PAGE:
In 2002-2009 I lived on Saipan Island in Micronesia. Where its 84 all year around. I loved it. I became disabled at 64 and retired there. So I had Social Security income. Not much, but it fed me, and kept me in a reasonable apartment. |
I may be handicapped, but I still love islands, and see the need for inexpensive housing, especially for poor folks effected by Global Warming. I read of Rishi Sowas work, and became interested in floating islands. (The Internet is great, isnt it?) I also loved King Car Tea, and saved several hundred 1.3 liter bottles with caps.
I wanted to do 2 things. I wanted to tie the bottles together into an Island, and build a school to teach folks about Alternative Energy, as I have been both a teacher and a scientist with a PhD in physics. I had over 40 patents and patents pending that were stolen from me, but thats another story.
I tried to use Portland Cement to hook my plastic bottles together. It cracked and fell apart. Back in 79 I had worked with Steel Fibrous Concrete. Its great stuff, but very costly. Since I had, over the years, constructed 5 geodesic domes, I wanted to build a dome that wouldnt fly away in a storm, on a floating island, because property on the Islands is also quite expensive.
Out in front of my apartment was a pile of dry coconut leaves they had thrown away. A new hardware store had a sale on Portland Cement, at $6.40, for a 94 pound bag. I already had the tools, and sand was also plentiful and free. So I mixed up some Portland in a plastic bucket to see how it worked. (See my article below on the details of how to mix it.)
Thus, I gained some real life experience with NFRC. Since I had build homes and became a contractor way back when, it was a natural. I also became a licensed commercial electrical engineer in 1965. And an (inventor all my life,) it was a natural.
For its big sky
And pork barrel rockets
But one year was so cold
A politician Im told
Had his hands in his very own pockets.
Portland Cement is fairly inexpensive, I had much experience with it, and there is lots of things written about it. Its waterproof, long lasting, and easy to work with. I watched the parades on New Years Day, and paper mach looked easy for unskilled labor. I just put the 2 together.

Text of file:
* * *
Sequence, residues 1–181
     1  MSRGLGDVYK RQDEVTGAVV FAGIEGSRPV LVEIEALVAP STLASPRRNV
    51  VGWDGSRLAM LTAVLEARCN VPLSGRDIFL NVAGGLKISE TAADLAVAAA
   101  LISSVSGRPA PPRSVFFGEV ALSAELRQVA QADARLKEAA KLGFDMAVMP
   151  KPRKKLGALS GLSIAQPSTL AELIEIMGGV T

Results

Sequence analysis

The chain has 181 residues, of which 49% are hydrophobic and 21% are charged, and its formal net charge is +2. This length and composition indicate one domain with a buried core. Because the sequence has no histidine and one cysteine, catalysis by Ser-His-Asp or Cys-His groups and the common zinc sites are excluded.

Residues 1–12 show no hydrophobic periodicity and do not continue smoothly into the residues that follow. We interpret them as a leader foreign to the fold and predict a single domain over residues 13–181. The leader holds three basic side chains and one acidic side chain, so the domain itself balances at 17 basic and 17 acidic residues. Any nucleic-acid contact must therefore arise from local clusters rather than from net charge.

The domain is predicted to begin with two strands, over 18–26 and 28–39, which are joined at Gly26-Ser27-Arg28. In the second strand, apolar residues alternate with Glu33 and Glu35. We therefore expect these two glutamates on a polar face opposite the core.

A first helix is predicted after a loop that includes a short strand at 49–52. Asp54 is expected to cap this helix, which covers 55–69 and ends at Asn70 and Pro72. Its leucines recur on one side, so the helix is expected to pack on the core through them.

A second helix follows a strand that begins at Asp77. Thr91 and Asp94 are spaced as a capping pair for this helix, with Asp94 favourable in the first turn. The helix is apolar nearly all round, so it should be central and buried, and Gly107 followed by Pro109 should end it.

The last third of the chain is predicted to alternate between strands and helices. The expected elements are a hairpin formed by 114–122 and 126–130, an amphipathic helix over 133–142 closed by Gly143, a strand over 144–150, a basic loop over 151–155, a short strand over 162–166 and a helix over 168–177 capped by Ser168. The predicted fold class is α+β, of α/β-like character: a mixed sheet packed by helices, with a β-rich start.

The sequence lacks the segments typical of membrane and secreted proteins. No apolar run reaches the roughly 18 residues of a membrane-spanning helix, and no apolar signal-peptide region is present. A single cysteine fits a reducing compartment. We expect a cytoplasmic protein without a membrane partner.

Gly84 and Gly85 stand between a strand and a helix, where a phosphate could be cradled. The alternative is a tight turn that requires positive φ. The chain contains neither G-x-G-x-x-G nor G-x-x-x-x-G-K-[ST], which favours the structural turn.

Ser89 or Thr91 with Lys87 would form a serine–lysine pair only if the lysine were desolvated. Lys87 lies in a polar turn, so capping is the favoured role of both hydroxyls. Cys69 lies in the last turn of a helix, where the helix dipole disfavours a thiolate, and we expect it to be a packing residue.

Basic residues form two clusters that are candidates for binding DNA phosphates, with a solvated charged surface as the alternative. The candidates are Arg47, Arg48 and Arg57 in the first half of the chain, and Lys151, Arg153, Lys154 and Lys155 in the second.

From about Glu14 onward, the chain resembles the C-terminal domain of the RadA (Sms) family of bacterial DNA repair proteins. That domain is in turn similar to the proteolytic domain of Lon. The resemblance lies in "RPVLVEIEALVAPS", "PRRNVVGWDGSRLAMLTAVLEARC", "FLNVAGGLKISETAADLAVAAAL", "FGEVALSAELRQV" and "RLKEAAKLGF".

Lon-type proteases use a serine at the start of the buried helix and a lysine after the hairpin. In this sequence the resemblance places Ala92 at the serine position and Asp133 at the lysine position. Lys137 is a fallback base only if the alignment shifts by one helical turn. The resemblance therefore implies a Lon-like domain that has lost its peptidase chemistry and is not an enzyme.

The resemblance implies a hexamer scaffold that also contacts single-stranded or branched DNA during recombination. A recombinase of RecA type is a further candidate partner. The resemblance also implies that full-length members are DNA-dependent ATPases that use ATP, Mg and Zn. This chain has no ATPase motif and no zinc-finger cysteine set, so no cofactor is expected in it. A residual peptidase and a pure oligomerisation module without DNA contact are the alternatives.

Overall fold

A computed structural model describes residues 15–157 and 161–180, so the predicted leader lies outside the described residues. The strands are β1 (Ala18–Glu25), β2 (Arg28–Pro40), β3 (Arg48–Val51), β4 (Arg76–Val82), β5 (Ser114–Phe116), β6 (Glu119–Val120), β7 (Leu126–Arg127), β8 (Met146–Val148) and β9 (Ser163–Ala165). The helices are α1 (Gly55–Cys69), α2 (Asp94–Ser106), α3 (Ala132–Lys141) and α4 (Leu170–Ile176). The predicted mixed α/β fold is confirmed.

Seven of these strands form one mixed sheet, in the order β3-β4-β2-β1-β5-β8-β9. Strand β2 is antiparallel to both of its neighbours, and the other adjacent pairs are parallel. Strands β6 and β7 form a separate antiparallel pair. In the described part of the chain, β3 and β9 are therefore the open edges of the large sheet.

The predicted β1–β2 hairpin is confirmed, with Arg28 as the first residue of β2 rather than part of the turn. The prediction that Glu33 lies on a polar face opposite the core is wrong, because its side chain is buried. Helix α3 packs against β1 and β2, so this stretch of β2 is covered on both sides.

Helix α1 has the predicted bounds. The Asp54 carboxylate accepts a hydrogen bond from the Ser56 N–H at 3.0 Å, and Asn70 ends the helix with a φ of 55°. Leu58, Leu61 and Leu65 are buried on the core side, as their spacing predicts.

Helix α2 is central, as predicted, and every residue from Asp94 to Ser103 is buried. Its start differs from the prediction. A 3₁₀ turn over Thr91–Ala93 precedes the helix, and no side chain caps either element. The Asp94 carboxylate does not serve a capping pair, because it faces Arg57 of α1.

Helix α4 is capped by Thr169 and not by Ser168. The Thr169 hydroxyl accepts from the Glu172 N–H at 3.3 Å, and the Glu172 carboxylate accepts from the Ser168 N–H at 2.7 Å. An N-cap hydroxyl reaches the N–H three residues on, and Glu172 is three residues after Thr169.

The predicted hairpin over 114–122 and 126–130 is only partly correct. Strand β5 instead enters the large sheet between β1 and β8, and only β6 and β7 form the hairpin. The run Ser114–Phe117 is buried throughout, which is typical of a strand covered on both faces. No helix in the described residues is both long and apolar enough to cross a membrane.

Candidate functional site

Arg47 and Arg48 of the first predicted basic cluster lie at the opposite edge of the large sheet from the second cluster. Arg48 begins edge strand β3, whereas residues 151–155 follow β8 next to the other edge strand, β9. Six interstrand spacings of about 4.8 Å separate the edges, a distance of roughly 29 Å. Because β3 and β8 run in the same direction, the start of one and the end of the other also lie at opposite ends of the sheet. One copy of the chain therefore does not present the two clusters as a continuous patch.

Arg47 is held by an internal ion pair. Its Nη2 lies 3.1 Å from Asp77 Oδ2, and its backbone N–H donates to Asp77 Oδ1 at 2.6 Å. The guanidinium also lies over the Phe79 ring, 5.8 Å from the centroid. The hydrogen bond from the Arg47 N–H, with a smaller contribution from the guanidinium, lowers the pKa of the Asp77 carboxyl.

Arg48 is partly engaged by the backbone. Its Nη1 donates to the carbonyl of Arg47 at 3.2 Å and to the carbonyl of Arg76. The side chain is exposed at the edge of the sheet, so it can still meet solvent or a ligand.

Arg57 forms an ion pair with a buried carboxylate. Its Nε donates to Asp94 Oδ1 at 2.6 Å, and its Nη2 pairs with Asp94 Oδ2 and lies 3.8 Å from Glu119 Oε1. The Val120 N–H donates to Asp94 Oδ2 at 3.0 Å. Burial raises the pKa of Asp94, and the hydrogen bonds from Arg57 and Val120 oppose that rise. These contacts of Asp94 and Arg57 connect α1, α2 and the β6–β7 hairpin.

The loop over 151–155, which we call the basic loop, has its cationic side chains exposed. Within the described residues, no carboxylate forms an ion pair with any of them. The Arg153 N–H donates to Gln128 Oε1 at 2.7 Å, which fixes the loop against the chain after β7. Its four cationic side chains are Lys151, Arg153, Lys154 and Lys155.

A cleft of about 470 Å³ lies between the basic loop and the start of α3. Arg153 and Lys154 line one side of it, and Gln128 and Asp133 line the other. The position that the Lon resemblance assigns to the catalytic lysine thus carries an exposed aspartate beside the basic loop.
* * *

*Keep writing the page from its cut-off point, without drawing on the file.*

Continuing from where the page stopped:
You might say, I put 2 and 2 together, and came up with the square root of 16!
Now I had a way to build an island green school inexpensively. I got permission from the National Park Service to use a sheltered beach of theirs. I had been teaching a class in Alternative Energy there for some time. So I was ready to go.
I built 2 floats, the first one with regular mortar, as I said, it fell apart right on my front porch, but the one with coconut leaves worked real well. I was ready to go, when I suffered a stroke. I went in the hospital, but they have no facilities to care for stroke victims, so my son moved me to Arizona where they do. I now live in Assisted Living, which is like an old folks home. Its nice, and the food is good, but I still dream of my own island.
Others dream too. But, one of the biggest obstacles to island building is money. They are just too expensive, and the less expensive ones require local resources that most folks dont have. So I needed a balance, and Natural Fiber Reinforced Concrete was it. I could even build the deck, and coat it with free sand from the ocean. So all I needed was the floats.
NFRC might be used to make the floats too, but it depended on the skill of the workers. I remember that Hefty Garbage Sacks and been used in a salvage operation, and they are inexpensive, and not biodegradable. You just have to use them right, within their limitations.
I had invented a vertical axis windmill that could be used to provide compressed air for diving, and floating the island segments. It all seemed so natural, and fairly inexpensive too, so a retired person could make a go of it.
Its slow building, but if the Island segments, and even the dome home on it, are easy to make by unskilled labor, and can be multiplied during construction one should be able to make a nice floating place to live in a matter of weeks. A regular home takes about 3 months.
So have at it. Ill try to furnish all the information I can for you.
I might be handicapped, but Im still enthusiastic!